There is a huge amount of interest in understanding what factors result in successful and sustained weight loss after obesity (bariatric) surgery, and why obesity surgery has such a high level of success compared to traditional approaches to weight loss.  One question that is being actively studies is whether obesity surgery has an effect on the perception of taste.

A recent review article by Papamargaritis and colleagues discusses what is currently known (and not known) about the changes in food choices that are often seen after obesity surgery.  A number of studies in animals, and a few studies in humans, have tried to answer this question.  It seems that gastric bypass surgery may alter detection thresholds for sweet stuff, and may also alter the morphine-like brain responses that are experienced after tasting sweets. Gastric bypass may also alter the drive away from fatty food, in favor of a preference for lower fat foods.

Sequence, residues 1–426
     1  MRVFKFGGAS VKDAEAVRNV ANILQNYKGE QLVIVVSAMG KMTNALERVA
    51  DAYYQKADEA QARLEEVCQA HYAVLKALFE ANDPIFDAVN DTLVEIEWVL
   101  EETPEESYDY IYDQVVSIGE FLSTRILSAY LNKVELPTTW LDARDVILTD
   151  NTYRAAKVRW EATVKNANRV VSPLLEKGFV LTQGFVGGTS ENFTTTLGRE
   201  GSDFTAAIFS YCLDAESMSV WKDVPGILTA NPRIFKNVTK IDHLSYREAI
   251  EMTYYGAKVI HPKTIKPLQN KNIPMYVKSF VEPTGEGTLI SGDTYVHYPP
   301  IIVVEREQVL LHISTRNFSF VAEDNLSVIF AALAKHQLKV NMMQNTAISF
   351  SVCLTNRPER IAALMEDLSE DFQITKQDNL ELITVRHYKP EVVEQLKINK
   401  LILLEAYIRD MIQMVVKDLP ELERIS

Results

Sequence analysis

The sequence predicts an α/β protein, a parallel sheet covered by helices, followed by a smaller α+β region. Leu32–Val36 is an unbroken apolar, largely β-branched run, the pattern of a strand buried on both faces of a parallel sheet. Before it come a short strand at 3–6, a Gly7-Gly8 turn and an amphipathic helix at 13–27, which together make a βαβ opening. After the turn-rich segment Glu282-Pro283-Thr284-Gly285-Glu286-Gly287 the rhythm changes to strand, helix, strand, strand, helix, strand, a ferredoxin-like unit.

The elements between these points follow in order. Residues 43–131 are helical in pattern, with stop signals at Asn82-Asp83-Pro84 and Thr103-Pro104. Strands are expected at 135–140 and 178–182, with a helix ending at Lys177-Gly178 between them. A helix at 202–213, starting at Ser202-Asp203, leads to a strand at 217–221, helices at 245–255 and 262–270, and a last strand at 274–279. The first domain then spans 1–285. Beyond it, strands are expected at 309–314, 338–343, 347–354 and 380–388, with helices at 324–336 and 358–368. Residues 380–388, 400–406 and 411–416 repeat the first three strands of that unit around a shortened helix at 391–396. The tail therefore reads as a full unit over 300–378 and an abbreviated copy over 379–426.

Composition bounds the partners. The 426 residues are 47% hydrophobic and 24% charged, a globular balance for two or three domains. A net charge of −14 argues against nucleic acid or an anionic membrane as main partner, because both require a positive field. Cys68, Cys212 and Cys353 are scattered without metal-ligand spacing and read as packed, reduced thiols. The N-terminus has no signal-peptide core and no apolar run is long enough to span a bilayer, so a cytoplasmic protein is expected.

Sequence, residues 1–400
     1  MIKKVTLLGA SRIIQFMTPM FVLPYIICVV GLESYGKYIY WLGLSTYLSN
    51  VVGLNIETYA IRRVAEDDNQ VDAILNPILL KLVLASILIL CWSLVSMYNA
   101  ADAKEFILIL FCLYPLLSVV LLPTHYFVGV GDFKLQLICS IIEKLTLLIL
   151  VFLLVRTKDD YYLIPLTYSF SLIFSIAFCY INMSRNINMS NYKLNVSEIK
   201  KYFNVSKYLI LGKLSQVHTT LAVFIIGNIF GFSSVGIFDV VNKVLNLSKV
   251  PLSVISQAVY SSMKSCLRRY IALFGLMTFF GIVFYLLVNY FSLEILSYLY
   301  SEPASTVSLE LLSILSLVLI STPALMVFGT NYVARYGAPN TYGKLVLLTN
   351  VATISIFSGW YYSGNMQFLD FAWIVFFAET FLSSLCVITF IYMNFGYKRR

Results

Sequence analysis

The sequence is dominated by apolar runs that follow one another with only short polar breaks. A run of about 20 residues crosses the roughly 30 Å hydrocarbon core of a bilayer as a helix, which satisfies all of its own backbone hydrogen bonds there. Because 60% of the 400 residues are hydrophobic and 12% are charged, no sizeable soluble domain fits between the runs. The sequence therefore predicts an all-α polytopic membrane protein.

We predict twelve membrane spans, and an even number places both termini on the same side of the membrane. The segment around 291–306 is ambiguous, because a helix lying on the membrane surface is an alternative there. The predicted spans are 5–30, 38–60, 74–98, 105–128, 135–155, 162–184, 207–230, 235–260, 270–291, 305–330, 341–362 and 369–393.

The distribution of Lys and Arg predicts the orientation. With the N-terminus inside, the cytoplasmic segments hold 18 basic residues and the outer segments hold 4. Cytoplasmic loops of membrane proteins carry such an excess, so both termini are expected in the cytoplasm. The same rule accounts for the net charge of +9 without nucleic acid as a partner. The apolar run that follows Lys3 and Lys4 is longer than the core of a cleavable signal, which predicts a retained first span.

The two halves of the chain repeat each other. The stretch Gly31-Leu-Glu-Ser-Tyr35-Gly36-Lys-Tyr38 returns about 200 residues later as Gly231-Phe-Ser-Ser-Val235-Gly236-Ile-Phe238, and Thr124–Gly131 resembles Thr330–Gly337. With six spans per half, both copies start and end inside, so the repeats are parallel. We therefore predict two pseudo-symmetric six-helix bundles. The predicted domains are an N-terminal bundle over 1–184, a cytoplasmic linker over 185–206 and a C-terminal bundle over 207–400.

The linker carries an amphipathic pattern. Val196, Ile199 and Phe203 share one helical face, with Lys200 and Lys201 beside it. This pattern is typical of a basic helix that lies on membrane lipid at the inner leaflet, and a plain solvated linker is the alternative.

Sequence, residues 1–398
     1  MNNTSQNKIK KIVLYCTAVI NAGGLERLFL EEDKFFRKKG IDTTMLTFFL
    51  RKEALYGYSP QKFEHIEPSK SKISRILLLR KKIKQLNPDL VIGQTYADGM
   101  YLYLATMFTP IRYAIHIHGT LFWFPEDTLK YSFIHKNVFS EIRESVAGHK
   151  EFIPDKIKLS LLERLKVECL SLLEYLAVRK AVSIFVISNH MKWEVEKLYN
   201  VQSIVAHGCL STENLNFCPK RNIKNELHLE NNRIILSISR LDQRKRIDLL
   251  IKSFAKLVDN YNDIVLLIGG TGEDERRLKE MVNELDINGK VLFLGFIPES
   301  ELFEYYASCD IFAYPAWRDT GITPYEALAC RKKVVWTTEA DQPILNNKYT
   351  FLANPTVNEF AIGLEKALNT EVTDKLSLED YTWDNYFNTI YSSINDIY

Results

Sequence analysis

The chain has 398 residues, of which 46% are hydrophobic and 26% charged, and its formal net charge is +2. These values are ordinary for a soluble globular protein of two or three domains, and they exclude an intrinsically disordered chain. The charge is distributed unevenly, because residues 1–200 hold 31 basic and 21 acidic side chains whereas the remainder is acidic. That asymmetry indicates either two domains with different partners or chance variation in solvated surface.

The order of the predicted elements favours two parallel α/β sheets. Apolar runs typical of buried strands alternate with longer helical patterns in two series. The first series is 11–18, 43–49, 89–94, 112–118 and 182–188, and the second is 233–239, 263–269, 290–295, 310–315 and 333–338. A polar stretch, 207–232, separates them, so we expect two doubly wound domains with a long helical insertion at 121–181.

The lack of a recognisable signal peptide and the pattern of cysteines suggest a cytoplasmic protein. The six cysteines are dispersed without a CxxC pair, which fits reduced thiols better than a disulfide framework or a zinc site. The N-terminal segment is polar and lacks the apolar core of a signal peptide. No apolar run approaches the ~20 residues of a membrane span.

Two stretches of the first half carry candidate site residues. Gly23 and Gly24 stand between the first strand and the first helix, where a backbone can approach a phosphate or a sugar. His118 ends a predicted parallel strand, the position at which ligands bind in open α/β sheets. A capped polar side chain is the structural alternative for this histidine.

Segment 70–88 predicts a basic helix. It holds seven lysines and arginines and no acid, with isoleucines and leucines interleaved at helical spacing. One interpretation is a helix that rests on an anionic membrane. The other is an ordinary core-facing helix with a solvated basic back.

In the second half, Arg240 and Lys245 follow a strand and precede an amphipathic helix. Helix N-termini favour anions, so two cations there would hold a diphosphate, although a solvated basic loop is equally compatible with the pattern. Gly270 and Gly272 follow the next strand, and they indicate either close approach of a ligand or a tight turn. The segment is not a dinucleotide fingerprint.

If obesity surgery does affect food preferences and taste, exactly how this happens is still a matter of debate.  The changes in some of the gut hormones that are seen after certain types of obesity surgery may play a role, and there is much ongoing research in this area.

I’ve certainly had a number of patients say to me that their taste experience of certain foods has changed after obesity surgery – I’d be thrilled to hear from my readers in terms of any experiences they have had.

Thanks to my friend Gord for the heads’ up on this article!

Dr Sue Pedersen © 2013 

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